Listen to the Ali on the Run Show!
- July 1, 2020 by AliAli on the Run Show Episode 257: Nutrition Q&A with Starla Garcia, Registered Dietitian
- June 29, 2020 by AliAli on the Run Show Episode 256: On the Job with Vikki Spruill, President & CEO of New England Aquarium
- June 25, 2020 by AliAli on the Run Show Episode 255: Ramblings on the Run with Ali & Matt
- June 24, 2020 by AliAli on the Run Show Episode 254: Samia Akbar, Fastest U.S.-Born Black Female Marathoner
- June 22, 2020 by AliAli on the Run Show Episode 253: On the Job with Steph Blozy, Owner of Fleet Feet Sports West Hartford
I Found That Loving Feeling
It was only for a moment, but it’s not yet a fleeting thing.
Last night, I planned to run.
I was going to leave work, head home, suit up and head out.
But then, I lost the little bit of enthusiasm I was holding onto after a long day at the office.
So instead, I left work, headed home, suited into pajamas, played on the computer, suited out of pajamas, took a bath, suited back into PJs and ordered some sushi for dinner (that cooking thing is going really well, yeah — thanks for asking).
I didn’t end up running.
Something semi-magical happened, though.
I was in the bath, doing the usual thing I do where I get into the empty tub as soon as the water starts flowing so I get warm right away but then, inevitably, by the time the bath is full, I’m hot, bored and ready to get out.
I was reading the February issue of Runner’s World and read an article about Marc Parent, who writes the magazine’s monthly “Newbie Chronicles” column.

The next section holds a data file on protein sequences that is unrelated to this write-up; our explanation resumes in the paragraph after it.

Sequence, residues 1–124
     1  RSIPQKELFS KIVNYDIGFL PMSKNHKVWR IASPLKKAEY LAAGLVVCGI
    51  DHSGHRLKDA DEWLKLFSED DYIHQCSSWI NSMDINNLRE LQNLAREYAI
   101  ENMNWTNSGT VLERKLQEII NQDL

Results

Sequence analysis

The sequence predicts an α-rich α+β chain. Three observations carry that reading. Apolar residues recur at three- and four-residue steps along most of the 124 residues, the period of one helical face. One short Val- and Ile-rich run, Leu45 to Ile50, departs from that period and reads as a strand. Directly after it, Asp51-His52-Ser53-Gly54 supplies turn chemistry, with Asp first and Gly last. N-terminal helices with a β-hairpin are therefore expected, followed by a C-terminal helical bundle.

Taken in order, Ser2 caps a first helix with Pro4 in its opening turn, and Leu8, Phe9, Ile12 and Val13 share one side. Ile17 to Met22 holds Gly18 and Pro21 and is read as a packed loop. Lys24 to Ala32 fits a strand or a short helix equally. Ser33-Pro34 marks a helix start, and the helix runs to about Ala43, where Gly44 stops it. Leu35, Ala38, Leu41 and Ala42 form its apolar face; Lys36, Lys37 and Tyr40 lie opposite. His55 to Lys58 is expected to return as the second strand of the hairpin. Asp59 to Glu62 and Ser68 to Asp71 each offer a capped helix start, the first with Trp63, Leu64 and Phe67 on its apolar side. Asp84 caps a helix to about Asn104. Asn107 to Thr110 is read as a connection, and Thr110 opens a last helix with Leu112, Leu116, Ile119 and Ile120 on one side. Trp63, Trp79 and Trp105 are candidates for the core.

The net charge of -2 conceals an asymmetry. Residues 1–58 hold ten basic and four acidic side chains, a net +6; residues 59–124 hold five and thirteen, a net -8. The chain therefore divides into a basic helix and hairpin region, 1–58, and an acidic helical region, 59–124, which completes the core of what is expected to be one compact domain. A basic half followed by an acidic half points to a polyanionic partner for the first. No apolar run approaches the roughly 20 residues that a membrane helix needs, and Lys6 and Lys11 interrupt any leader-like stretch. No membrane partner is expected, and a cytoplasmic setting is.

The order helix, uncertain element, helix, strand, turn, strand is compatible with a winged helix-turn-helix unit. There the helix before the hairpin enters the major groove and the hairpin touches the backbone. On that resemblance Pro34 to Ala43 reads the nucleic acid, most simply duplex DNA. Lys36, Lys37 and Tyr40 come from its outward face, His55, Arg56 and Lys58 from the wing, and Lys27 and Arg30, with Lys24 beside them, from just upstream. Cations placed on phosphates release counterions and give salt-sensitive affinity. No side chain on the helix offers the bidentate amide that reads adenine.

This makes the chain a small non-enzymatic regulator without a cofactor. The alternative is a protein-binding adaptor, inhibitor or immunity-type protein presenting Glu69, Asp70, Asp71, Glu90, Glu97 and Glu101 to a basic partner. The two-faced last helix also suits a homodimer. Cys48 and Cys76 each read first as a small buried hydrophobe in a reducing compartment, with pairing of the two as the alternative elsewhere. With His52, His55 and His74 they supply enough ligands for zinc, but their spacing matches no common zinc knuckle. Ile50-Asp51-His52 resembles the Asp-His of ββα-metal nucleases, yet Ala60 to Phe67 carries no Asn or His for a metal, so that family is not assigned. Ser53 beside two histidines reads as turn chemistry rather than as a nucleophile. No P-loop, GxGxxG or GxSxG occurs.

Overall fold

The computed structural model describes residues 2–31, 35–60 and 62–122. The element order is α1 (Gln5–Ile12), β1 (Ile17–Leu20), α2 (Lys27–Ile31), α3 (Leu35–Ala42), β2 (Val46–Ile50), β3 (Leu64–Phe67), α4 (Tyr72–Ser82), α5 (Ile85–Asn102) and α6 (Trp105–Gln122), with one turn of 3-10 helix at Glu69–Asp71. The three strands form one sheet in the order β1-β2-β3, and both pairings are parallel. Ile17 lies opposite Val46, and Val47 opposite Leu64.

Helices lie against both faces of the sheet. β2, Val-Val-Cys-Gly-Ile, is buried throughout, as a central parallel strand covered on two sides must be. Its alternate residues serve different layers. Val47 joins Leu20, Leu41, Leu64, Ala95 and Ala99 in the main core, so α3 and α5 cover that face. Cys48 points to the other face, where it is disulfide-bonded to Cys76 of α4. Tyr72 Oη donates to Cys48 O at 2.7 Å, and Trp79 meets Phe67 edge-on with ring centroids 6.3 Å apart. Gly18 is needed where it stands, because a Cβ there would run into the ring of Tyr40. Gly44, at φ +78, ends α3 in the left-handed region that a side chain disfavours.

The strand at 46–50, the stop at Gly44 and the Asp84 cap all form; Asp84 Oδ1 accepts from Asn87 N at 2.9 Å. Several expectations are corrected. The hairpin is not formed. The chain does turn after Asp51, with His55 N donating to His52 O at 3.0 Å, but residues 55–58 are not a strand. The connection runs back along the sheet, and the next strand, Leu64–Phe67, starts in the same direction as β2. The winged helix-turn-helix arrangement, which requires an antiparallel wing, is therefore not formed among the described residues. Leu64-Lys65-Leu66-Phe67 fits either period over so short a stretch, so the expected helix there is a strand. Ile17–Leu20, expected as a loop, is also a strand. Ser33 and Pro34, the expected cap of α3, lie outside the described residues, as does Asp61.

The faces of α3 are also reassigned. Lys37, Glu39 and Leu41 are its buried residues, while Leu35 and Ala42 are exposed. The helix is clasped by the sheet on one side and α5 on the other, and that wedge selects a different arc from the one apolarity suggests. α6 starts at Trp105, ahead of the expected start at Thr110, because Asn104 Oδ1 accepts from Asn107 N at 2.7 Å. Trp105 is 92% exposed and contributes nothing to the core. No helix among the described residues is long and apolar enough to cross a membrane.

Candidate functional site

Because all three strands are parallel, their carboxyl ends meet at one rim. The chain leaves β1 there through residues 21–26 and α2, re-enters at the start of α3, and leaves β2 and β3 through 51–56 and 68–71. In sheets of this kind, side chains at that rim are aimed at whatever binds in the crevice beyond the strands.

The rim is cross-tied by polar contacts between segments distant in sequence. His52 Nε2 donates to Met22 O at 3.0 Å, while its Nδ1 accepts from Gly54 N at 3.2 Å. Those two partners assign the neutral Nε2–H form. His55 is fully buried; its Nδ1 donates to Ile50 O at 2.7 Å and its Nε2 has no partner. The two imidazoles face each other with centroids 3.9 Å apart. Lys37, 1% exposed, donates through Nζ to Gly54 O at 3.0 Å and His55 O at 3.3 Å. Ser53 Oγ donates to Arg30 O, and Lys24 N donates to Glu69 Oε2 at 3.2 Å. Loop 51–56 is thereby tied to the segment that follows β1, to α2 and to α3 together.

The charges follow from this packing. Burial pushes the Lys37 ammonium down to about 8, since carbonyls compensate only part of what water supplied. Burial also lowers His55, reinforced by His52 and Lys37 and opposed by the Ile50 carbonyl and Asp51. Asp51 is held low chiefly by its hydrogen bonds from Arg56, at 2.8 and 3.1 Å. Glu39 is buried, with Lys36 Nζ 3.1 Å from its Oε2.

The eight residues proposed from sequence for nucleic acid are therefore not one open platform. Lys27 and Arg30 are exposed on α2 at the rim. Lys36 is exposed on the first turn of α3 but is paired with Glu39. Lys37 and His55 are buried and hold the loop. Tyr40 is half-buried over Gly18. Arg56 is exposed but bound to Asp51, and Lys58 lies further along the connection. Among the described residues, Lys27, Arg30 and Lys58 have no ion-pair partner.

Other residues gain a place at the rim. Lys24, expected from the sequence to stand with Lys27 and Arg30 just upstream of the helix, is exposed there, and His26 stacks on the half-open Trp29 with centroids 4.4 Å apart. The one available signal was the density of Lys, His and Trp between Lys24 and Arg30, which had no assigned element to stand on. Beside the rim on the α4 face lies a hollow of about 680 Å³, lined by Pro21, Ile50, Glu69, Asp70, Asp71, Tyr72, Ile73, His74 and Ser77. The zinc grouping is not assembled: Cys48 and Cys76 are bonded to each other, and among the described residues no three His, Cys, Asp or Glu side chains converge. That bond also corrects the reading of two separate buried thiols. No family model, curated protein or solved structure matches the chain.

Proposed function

Normally this isn’t my favorite column. Mr. Newbie writes a fantastic piece each month, and I always read — or at least skim — it. But while I’m still dumb and naive (you mean running slowly all the time won’t somehow make me fast?) about running, I’m not necessarily brand new to it. So his stories of first-time chafing, new shoes and uncharted miles don’t typically resonate with me.
I had time to kill in the tub last night, so I read his column, which was blown-out to a whole feature this time.
Parent talked about running his first half marathon — the Runner’s World Half Marathon, naturally, this past fall.
He talked about his emotions leading up to the race.
He talked about his excitement, his anxiety, his fears and his terrible “non-confidence boosting” last long training run.
He talked about eating his pre-race bagel, he talked about asking his family to cheer really loud next time they saw him, and he talked about his “seriously, another hill?” feelings out on the course.
He talked about loving that race.
He talked about finishing that race.
By the time Parent had proudly crossed his finish line, I was ready to think about my next one.
I forgot how inspiring and motivating first-time racers can be.
After the Manchester City Marathon, I haven’t wanted to race. I haven’t signed up for a 5K, a 10K, a half marathon or a 26.2. I haven’t felt the desire to train and I haven’t been itching to wear a bib.
Last night, that changed. At least a little bit.
I spent a decent amount of post-bath time researching races of all distances with my pruney little fingers.
I’m not ready to commit to a race yet. I need to let this feeling hang around for a while before I decide when I’ll be ready to jump into a training cycle, and how intense I’ll want it to be.
I’m enjoying the junk miles and I’m enjoying doing other things like spinning and taking baths.
But, at the risk of scaring this feeling away, I’m ready to start searching. Not registering. Not training. Just Googling. And thinking about swapping out my spin shoes once or twice a week and getting back into the Brooks.
I’m ready to start running workouts I’m proud of. Yeah, I’ll fail at plenty of them. But I miss that feeling you get when you dominate a tough speedwork session. (Actually…has that ever happened to me? Maybe I’m just imagining what it would feel like.)
We’re taking it slowly this time, me and the races.
One Google search at a time.
And then, eventually, one mile at a time.
One hill repeat at a time.
And maybe, when I get there, we’ll start seeing PRs. One at a time. No pressure.